Exercise. Murakami’s book “What I talk about when I talk about running” inspired me to try running. I also took interest in yoga, going as far as taking Bikram classes. I bought a cheap stationary bike and broke it from overuse. Then, later, I bought a road bike. I never became too competitive in these activities: never went beyond 5k events, never beat 13 minutes per mile on foot, never pulled off crow pose or headstands, never rode my bike outside of leisurely speeds. Still, all these things kept my body active, gave me the physical energy to fight off my mental and emotional demons. I am barely mobile now that I’m pregnant but don’t worry, Son. I hope to keep up with our morning walks for as long as I can.

Our cats. Like I mentioned before, Oreo came during one of my episodes. She was a tremendous source of joy and comfort. I am happy to update you that she is recovering well from her Stomatitis. Much of the gum swelling has subsided and her appetite is back to normal. She may have a lot less teeth now but she seems to be a nicer, sweeter cat because she is not hurting like she used to. I would be lost without her. She and her sister Reeses are my therapy cats – being around them calms me.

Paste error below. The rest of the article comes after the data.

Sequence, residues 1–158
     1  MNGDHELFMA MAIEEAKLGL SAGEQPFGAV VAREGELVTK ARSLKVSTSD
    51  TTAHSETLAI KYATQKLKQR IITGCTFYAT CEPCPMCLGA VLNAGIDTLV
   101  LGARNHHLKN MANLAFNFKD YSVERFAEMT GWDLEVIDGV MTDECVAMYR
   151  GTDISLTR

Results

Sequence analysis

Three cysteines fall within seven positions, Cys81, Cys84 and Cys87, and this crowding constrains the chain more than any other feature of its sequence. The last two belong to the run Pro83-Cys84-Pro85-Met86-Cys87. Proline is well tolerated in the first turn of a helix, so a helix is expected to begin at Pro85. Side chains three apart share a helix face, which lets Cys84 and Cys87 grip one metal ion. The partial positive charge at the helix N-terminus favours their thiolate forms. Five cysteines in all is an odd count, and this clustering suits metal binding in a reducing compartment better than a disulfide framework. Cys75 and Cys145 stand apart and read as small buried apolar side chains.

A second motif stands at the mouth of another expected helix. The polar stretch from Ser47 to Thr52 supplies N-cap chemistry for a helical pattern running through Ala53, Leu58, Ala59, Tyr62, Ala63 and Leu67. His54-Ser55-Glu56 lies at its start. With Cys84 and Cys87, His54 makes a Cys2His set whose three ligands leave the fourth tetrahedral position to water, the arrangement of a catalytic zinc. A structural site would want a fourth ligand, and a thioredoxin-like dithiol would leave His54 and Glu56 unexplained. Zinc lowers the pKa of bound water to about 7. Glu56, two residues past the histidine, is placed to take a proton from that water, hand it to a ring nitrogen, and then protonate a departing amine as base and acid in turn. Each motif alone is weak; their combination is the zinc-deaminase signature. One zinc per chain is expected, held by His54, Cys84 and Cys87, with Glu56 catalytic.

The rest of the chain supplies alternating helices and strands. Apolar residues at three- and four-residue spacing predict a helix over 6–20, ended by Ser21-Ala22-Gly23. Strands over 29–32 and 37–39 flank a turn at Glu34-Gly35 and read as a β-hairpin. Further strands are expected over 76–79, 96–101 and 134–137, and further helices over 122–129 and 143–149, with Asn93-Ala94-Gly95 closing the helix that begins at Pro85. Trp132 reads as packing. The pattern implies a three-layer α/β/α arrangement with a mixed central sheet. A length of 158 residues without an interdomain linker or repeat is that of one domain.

You. The pregnancy started out rocky… with my Hyperemesis Gravidarum dragging on for 20 weeks. Now entering my third trimester, I am woken by Charlie Horse in the morning, deal with pains in my lower back, hips and shoulders through the day then, suffer from acid reflux at night. I struggle with overall movement and miss my old agility. But you know what? Now that you’re big enough, every time I feel a kick or jab from you, all these annoying and sometimes aggravating things about pregnancy and life in general… fade away. I do get worried about what the heck I’m going to do when you come out but judging from your power to make me feel wonderful while you’re still in my belly, I’m assuming that being able to see and hold you could only be so much better.